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A 15-year-old girl has a fever and rash.
You are just entering the emergency department (ED) for a part-time shift when you grab your first chart. You enter the room and begin taking the history of a 15-year-old girl whose chief complaint is that she has a fever and rash. The patient's mother reports a 2-day history of fever. The rash developed 12 hours before arrival. She asks what this could be.
Her mother reports that her daughter's maximum recorded temperature was 38.28°C orally. The rash began on her arms and has spread to her face, chest, upper legs, and buttocks. She reports discomfort because the rash is itching.
The patient is an immigrant who moved from Mexico 4 months ago. She was seen in an outside clinic approximately 2 weeks after her arrival in the United States for school vaccinations and a tuberculosis (TB) skin test. Her purified protein derivative (PPD) test measured 28 mm on the follow-up visit.
At that time, the patient reported occasional cough, and a chest x-ray (CXR) performed during that visit revealed a left upper lobe infiltrate.
The patient was treated with azithromycin and started on isoniazid. She was referred to the TB clinic for further workup and treatment.
The girl was seen again in the TB clinic 3 months later. Sputum cultures were sent during this visit, and the patient was started on RIPE (rifampin, isoniazid, pyrazinamide, and ethambutol). The entire family had negative PPD testing, and there were no known TB contacts.
The TB specialist reviewed the CXR from the primary care physician and agreed that the infiltrate was concerning for TB.
A repeat CXR at that time was negative, but given the patient's history and previous CXR results, the decision was made to begin 9 months of treatment.
It's now approximately 3 weeks later, and the patient presents in the ED with this new-onset diffuse and pruritic rash.
Physical examination reveals a temperature of 36.94°C, a pulse of 88 beats per minute, blood pressure of 104/66 mm Hg, and a respiratory rate of 16 breaths per minute. Her height is 160 cm (25th-50th percentile) and weight is 60 kg (75th-90th percentile).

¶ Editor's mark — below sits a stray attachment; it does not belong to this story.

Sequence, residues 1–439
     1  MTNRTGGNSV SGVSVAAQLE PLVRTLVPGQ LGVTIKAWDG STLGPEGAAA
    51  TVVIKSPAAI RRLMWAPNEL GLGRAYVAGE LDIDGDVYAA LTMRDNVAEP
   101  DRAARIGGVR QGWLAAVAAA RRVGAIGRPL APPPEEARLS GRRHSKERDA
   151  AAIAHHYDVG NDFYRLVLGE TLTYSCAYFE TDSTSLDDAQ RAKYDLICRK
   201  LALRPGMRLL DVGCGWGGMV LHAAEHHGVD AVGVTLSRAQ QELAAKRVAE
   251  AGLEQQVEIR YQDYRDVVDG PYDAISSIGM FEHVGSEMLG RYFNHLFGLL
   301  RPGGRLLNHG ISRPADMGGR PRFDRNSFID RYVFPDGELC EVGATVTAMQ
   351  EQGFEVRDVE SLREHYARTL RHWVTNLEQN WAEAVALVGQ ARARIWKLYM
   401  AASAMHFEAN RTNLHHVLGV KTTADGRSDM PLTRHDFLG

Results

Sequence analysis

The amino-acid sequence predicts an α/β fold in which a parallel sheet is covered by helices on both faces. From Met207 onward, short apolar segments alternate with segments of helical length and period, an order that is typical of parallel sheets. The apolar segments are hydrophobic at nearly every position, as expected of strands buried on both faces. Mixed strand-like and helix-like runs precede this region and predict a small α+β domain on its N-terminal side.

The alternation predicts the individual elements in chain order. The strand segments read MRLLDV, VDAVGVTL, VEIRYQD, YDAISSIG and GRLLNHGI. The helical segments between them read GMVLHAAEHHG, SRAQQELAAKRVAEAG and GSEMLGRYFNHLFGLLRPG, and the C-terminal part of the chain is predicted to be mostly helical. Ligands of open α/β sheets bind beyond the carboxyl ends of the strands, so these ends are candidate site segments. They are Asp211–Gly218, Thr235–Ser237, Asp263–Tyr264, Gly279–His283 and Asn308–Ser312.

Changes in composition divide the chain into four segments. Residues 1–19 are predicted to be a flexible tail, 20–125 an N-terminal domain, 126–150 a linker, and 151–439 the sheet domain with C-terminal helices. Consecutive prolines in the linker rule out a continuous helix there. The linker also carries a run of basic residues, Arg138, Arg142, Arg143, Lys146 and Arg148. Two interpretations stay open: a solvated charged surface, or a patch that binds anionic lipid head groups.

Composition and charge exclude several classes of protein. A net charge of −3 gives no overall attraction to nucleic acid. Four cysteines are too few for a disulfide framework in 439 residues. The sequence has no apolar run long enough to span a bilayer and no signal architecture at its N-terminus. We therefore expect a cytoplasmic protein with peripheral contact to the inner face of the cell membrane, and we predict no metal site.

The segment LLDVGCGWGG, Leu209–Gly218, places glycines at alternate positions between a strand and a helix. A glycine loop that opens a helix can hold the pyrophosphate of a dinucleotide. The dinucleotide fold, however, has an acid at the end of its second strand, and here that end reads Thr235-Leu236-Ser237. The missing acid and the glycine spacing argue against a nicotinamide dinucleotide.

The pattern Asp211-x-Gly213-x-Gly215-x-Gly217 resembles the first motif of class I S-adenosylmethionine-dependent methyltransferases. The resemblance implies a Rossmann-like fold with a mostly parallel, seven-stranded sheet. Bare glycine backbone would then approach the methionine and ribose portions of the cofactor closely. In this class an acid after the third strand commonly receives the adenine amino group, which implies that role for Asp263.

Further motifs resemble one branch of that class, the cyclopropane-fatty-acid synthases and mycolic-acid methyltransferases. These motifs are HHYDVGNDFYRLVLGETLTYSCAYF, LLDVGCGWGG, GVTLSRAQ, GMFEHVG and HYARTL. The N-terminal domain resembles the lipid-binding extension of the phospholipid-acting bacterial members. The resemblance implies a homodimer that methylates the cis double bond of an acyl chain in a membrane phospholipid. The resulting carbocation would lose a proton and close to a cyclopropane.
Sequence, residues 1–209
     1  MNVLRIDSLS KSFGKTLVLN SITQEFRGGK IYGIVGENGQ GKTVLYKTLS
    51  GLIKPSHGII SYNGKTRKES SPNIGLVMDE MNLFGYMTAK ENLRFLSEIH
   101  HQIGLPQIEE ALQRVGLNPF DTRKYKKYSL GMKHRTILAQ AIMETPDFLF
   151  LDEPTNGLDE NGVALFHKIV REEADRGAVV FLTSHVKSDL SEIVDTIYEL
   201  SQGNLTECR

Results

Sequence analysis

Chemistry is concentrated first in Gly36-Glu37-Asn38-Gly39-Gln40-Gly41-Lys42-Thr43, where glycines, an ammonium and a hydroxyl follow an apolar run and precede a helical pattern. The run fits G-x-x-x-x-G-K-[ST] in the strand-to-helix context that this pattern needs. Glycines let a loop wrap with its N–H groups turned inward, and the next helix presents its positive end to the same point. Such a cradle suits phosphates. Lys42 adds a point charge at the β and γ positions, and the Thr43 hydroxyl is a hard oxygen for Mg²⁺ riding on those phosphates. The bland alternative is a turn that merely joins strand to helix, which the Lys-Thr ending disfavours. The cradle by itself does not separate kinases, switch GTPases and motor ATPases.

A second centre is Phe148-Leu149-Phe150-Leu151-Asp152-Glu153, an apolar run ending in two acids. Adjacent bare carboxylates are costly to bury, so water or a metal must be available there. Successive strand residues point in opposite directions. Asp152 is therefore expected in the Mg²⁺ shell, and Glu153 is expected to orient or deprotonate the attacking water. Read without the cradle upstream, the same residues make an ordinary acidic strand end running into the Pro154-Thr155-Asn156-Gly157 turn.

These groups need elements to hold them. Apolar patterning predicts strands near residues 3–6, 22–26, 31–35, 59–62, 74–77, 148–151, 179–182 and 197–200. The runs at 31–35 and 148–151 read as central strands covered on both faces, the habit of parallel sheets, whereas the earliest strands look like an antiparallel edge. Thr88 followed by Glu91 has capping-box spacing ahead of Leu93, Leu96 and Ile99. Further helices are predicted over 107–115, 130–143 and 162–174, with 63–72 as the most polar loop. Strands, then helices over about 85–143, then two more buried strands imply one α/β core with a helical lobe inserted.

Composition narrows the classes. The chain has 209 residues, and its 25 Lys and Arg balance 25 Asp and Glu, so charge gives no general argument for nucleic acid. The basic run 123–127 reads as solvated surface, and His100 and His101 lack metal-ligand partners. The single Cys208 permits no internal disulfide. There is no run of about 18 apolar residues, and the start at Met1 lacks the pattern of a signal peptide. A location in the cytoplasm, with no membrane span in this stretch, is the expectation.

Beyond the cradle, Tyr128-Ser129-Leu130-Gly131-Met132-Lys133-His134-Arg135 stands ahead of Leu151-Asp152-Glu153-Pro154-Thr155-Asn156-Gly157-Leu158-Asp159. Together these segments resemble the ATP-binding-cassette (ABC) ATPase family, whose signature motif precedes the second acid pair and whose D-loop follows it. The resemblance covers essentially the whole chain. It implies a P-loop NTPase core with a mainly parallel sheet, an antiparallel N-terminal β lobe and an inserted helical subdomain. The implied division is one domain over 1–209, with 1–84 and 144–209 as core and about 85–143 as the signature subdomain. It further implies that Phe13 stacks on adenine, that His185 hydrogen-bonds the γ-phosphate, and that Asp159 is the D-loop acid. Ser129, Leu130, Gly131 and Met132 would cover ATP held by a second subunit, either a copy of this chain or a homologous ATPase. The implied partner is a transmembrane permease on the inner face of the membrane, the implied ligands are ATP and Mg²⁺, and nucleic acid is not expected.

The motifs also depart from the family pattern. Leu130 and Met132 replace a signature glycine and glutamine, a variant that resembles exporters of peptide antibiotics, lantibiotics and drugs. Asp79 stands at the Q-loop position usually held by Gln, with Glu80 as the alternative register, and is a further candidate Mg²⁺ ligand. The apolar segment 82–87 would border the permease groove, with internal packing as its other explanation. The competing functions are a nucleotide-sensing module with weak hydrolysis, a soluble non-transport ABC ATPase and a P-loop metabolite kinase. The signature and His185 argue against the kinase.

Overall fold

Generally, the patient is an alert and happy girl in no acute distress. The sclera are anicteric, and the pupils are equally round and reactive to light and accommodation.
There is no nasal discharge; the oropharynx is mildly erythematous without exudates; extraocular eye muscles are intact. The neck is supple without lymphadenopathy or masses.
The cardiovascular exam reveals a regular rate and rhythm without murmur, and the lungs are clear to auscultation bilaterally. The abdomen is soft with normoactive bowel sounds; it is nontender and nondistended, with no hepatosplenomegaly.
Her skin exam is notable for a diffuse erythematous maculopapular rash involving the face; ears; upper and lower extremities, including bilateral palms; and anterior and posterior trunk. Her initial complete blood count (CBC) returns with a white blood cell count (WBC) of 8.3 and polymorphonuclear neutrophils (PMNs) of 79% (lymphocytes, 9%; monocytes, 7%; and eosinophils, 5%).
Her liver function tests (LFT) are concerning for hepatitis (aspartate aminotransferase [AST], 249 [15-37 U/L], and alanine aminotransferase [ALT], 272 [8-36 U/L]). HIV testing is negative. RIPE therapy was held for concerns of a drug reaction or allergic reaction and transaminitis.
Rapid streptococcal test and throat culture are positive for beta hemolytic streptococcus.
The patient is admitted and treated with 1 dose of intramuscular benzathine benzylpenicillin and intravenous diphenhydramine, with significant improvement in the rash. She has a negative viral hepatitis panel and negative monospot.
Her LFTs remain stable over several days, and abdominal ultrasound is negative except for mild splenomegaly. You decide to continue to hold the RIPE therapy until the cause of her transaminitis is clearer. You discharge her with plans to follow her carefully as an outpatient.